Plutarch Lives!

One-room school houses dot Ulster County disguised as homes, stores, club houses, and museums. Dozens of others are gone, but not forgotten by those who learned their “three Rs”, and more subtle lessons–don’t forget your lunch, homework, mittens, boots or anything else, ’cause nobody is going to bring them to you. Walking to and from school is good for you; handle your own fights or learn to get along better with people; and last, but not least: The Teacher Is Right, whether or not that’s true. Oh, and by the way, the privy is outside.

My own experience at the one room school at Plutarch was brief because my mother thought my brother and I would do better in the Campus School in New Paltz with teachers such as Mrs. Glenn, Mrs. Compton, and Mrs. Hamilton. We like to think Mother was right.

But even after the Plutarch School was closed in the mid 1950’s, we continued to use the building for birthday parties and other social functions. Today, it serves as the Plutarch Sportsman’s Club and has had raw cut boards added to the exterior to give it that frontier look appropriate for hunting/fishing/beer drinking…

So, where is Plutarch, anyway? It’s on Plutarch Road, which runs north/south, between and parallel to North Eltings Corners Road and North Ohioville Road. Plutarch Road goes through the towns of Lloyd and New Paltz ending in Esopus at Swartekill Road. At this intersection in the 1930s was a nudist colony, The Fresh Air Club.

Plutarch wasn’t always Plutarch. It was originally Cold Spring Corners. But because there already was a Cold Spring in New York State and the post offices were delivering the mail based on skimpy addresses like this from a 1910 post card, “Miss Helen Schmidt, Collinsville, Conn,” it was essential that no two village post office addresses be the same. The fad at the time was to name places after Greek and Roman statesman, philosophers, or cities. Ergo, Plutarch.

The hamlet of Plutarch proper, is made by the Plutarch road intersection with Van Nostrand and Black Creek Roads. Black Creek Road is a misnomer as the north flowing stream running under the “Black Creek Bridge” is the Swartekill, and is an outlet for the Plutarch Swamp that dominates the landscape to the east of Plutarch Road. It’s a riot of purple loostrife in late summer.

Meanwhile, back on dryer land…Plutarch had more than just a school. It was a lively village featuring a general store and Post Office, a blacksmith (his shop is just visible at the left in the photo showing “Main Street, Looking North”), several residences, and one lovely church in which people are still being married.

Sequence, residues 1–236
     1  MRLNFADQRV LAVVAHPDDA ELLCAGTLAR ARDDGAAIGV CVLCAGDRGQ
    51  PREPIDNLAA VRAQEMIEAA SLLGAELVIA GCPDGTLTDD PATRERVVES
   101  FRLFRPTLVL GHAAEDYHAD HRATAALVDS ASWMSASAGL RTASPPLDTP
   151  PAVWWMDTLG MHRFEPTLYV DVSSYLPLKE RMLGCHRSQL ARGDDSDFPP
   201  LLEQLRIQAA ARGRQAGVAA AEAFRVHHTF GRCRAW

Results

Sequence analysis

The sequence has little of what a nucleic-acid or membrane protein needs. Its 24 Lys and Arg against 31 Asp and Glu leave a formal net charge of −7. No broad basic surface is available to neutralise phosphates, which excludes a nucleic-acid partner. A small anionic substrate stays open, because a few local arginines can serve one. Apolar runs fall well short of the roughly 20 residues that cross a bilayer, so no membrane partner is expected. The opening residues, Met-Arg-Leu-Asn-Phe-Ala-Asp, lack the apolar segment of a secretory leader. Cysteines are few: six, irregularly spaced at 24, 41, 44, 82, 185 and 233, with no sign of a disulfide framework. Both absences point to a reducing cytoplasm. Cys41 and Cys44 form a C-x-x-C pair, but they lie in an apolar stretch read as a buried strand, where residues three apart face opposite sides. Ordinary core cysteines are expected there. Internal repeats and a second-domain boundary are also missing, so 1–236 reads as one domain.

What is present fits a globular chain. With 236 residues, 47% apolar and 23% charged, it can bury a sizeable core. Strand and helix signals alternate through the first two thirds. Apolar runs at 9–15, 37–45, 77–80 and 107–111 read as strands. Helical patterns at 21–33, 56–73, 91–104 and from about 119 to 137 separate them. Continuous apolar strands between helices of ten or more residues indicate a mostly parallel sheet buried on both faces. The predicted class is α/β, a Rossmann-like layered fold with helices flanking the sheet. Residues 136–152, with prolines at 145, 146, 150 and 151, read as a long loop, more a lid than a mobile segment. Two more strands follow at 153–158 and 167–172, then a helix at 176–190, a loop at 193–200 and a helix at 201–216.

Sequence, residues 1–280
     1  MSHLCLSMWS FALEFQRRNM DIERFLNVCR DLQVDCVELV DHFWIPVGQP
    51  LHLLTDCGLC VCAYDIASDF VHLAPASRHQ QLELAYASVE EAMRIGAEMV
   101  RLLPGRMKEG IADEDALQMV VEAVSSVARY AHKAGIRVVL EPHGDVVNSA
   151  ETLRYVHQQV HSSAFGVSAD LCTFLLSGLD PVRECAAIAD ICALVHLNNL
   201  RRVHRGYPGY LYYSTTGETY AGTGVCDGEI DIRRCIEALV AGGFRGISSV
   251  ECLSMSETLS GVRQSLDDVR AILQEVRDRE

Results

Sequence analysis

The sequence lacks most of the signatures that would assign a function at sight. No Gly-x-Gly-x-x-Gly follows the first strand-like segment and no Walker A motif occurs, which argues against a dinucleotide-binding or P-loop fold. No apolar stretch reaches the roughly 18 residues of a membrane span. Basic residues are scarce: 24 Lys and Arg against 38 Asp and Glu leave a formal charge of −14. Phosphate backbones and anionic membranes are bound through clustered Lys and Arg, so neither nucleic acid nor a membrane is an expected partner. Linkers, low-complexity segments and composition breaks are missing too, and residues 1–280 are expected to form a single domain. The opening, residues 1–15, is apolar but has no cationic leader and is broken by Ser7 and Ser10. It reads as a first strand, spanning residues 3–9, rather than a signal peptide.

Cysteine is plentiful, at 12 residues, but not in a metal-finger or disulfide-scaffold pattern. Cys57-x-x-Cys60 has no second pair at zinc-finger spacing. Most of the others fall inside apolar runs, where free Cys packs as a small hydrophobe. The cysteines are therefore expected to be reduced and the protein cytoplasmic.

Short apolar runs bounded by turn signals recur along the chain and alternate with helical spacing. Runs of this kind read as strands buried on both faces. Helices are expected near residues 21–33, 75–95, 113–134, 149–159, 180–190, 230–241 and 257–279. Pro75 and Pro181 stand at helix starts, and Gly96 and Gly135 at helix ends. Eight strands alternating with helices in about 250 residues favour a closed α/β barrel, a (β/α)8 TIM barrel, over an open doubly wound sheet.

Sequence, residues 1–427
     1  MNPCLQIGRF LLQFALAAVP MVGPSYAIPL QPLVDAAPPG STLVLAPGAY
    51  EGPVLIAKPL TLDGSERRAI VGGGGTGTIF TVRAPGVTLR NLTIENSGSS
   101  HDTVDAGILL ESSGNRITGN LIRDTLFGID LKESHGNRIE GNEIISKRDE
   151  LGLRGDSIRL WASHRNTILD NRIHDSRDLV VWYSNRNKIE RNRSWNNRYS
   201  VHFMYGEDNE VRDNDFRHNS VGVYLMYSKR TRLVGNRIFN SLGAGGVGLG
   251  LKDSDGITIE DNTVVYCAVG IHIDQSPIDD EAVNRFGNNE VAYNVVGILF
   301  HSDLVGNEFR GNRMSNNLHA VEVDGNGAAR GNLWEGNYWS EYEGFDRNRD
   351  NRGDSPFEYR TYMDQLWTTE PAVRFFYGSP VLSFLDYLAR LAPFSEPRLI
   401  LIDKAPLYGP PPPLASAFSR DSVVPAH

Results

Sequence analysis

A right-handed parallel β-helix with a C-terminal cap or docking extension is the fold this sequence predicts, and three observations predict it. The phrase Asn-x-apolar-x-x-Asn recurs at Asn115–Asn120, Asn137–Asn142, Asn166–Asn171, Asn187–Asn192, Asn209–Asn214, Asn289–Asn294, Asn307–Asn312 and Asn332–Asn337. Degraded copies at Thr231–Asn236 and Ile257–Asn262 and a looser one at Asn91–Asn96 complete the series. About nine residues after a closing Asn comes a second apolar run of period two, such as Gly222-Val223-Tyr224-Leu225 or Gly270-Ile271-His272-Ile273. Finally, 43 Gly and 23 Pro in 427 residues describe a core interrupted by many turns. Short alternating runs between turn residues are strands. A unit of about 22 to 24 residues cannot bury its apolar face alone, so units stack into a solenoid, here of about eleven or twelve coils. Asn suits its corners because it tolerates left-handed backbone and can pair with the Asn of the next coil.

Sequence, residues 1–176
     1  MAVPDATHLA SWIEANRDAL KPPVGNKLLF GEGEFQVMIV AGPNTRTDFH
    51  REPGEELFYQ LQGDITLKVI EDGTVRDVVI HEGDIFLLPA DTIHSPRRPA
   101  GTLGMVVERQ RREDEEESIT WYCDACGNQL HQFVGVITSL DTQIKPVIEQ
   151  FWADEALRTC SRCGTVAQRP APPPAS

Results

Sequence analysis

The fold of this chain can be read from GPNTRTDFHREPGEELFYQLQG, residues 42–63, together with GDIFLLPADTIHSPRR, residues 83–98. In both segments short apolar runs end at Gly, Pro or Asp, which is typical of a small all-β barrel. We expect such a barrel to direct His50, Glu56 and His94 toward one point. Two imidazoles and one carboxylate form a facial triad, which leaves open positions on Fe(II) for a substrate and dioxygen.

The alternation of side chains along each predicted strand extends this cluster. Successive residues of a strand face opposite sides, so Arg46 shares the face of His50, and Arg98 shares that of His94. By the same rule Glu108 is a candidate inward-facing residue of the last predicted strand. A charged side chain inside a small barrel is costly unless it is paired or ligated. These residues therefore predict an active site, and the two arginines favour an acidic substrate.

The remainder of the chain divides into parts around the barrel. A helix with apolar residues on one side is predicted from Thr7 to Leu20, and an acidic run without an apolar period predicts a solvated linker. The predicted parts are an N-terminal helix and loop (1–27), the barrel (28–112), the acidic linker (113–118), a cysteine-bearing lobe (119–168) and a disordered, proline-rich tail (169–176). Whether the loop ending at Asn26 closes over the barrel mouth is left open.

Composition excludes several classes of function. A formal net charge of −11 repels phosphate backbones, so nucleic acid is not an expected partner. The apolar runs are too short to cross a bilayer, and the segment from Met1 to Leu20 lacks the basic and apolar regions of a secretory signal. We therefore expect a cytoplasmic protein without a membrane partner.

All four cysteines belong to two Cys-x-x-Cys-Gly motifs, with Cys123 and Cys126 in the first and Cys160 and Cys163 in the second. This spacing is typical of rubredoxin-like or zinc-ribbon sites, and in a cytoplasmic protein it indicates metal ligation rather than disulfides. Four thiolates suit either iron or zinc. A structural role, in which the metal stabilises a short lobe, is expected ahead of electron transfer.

During the early part of the last century, an electric trolley ran along New Paltz Road from the Hudson River in Highland to downtown New Paltz. If you walked to the south end of Plutarch Road, you could get just about anywhere. Many did.

Many also came back to the Plutarch area to raise their families. Today we welcome all of you more recent transplants. Plutarch not only lives, it grows!



Right after this issue went to press my brother, Louis, was looking at the photos and said, “Wait. I’ll be right back.” He reappeared a few minutes later and place a fireman’s badge with the number 9 on it in my hand. On closer inspection, I saw the badge was from the Plutarch fire department! I had been unaware there ever was a Plutarch fire department. Lou said he thought our Grandmother had given him the badge more than 45 years ago. She had lived in Plutarch in a house across Van Nostrand Road from the school.

As soon as I got to a phone, I called George Schneider and asked if he recalled a fire department in Plutarch.

“Oh, of course.” George said. It had consisted of one model T with ladders on each side. He thought it was kept at the Fire Chief’s –Mr. Norman’s –house and later at the site of the blacksmith’s shop. As George tells it, the Plutarch Fire Department ended it’s service on the day the truck was called into service only to discover it had four flat tires. He thought that might have been in 1927 or so.

I wore the pin one day and stopped in Shandaken (west of Kingston on Route 28) for coffee. “Oh, Plutarch,” the man behind the counter noted. “They had a Fire Department? I know they had a school…”

“You’re kidding,” I said. “People who live five minutes from Plutarch don’t know it ever existed. How do you know it?”

“I was on the New Paltz Police department for years. I used to have to go see Judge Schneider for arraignments…” (the Judge, Rex Schneider, had lived on Plutarch Road his whole life and had been one of my favorite friends).

My new friend and I discussed a dozen mutual acquaintances and what had happened to different other friends. I promised to send him a copy of the Plutarch story in About Town when it came back from the printers.

I’m forever amazed at the cross-currents of life and how often if you just flash something that has meaning to you, you can flow in those currents to new places.